Thursday, February 18, 2016

Why Bother? Give Up Now.

 I've got a great future as a motivational speaker, don't you think?

So the question is whether we can read fiction while we're writing fiction; specifically when we're elbow deep in our first drafts.

I've read lots of writer interviews where people say they don't read while they write. It's always struck me as peculiar (and "peculiar habits of writers" is a strong field). Because I'm always writing. If I didn't read when I wrote, I'd never read. And if writing came at the cost of reading I know which I'd ditch. I'd stop this lark as quick as I stopped studying literature, once I twigged that I'd never enjoy a novel again.

The short answer is yes. I can and do. I've written half of a first draft so far this year and read thirteen books, eleven of them fiction.

I couldn't read absolutely anything. P.G. Wodehouse is far too infectious. Raymond Chandler is too - but I'm not tempted to re-read Chandler the way I'm drawn back to old Pelham Grenville, because Chandler never wrote: "The least thing upset him on the golf course. He missed short putts because of the uproar of butterflies in the adjoining meadows".

What are you wearing, Dr House?
Hemingway might get in the way, but I find him easy not to re-read. I can't resist listening to him on talking books but audio doesn't seem to interfere as badly. Lisa Scottoline's headline relative clauses are catching.

Which makes me careful to weed them out when I come down with a dose.

The biggest pitfall I've found in combining reading and writing is when you read something so perfect and brilliant and effortless that you get a case of the "why bothers". It's happening right now. I'm reading Kate Atkinson's A God in Ruins and when I come back to my own half-born first draft I pep myself up by saying to it: "oh blah blah blah. What's the point?"


Luckily, I answer myself by saying "the point is it's due in on the 30th of June and you've banked the advance". And I can cheer myself up with the thought that I only need to write two thousand words and then I can read Atkinson again at lunchtime.

4 comments:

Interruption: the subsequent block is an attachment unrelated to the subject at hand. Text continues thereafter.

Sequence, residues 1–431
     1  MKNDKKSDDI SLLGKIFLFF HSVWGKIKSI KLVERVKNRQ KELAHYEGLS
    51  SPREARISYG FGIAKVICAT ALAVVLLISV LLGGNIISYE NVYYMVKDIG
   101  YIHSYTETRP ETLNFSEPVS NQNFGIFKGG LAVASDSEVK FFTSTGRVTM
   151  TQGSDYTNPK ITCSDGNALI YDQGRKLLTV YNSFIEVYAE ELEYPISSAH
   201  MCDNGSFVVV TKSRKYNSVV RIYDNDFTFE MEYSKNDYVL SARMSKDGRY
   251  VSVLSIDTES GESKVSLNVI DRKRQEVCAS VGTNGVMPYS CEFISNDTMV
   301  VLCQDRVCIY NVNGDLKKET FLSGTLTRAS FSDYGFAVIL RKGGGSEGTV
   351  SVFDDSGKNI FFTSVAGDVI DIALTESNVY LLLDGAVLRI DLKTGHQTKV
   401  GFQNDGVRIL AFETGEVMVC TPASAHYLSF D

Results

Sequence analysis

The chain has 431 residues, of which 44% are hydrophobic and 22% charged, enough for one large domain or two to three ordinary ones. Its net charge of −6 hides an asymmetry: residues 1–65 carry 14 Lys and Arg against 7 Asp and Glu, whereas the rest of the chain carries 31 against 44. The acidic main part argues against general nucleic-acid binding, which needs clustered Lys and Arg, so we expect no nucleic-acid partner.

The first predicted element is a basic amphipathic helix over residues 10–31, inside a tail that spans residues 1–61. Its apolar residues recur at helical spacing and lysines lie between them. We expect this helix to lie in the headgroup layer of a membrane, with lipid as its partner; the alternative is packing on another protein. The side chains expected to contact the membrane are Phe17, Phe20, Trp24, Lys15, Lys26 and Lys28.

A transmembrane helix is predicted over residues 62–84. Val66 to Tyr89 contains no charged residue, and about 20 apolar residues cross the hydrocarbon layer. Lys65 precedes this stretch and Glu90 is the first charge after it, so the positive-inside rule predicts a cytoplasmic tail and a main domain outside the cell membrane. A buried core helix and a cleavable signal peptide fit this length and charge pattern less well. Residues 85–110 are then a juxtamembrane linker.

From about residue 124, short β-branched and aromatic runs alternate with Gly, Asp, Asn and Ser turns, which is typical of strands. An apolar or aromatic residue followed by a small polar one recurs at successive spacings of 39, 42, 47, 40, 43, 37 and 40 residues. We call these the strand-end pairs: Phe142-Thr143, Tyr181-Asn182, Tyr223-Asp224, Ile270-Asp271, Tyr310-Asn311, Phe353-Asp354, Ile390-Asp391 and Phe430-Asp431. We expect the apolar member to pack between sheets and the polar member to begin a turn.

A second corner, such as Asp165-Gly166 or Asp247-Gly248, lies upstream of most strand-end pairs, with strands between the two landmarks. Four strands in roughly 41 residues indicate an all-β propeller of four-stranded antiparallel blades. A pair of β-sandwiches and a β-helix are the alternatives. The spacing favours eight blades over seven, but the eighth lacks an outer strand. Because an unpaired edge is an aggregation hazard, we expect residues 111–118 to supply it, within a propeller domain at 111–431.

Art Taylor said...

Catriona! So true here on all counts.... I understand the worry about what you're reading seeping in to what you're writing (the style, the cadence, etc.) and I can understand reading time taking away from writing time (so much easier to pick up the book I'm reading than to write myself), BUT I'd never read if I could only do so when I wasn't writing at all, trying to segment my life out into writing phases and non-writing ones.

And you're question about "Why bother?" is one that my wife and I encounter sometimes too, yes--reading something so good that our own writing seems not just pale but..... And yet we keep writing, don't we?

Appreciate the post here, as you can tell.

Kathy Reel said...

So, once again you've amazed me, which shouldn't really be the case anymore, since you seem to be Superwoman on a regular basis. Thirteen books read so far this year? And writing daily, too? I'm embarrassed to be way behind you, but I did have to take the month of January off due to my husband's accident. I love that you read this much. I can't believe that I haven't gotten to Kate Atkinson's book yet, and everyone has it as a favorite, so I know that I'm in for a treat. Even with readers/reviewers/bloggers there is that "Why bother? Give up now." With currently being so far behind, I started to wonder if maybe I should just give up the blog, but the passion to talk about books and share you wonderful authors with others won't let go of me. So, keep reading and writing, dear Catriona, as the awesome books you come out with are proof that whatever you're doing works brilliantly.

Gwen Mayo said...

There is nothing like a good book to spark imagination. I've never understood how any writer could live without books. How would you furnish your mind?

Catriona McPherson said...

Well said, Gwen. And, Kathy? Tush. Pish-posh. Come now. (As PG might say.)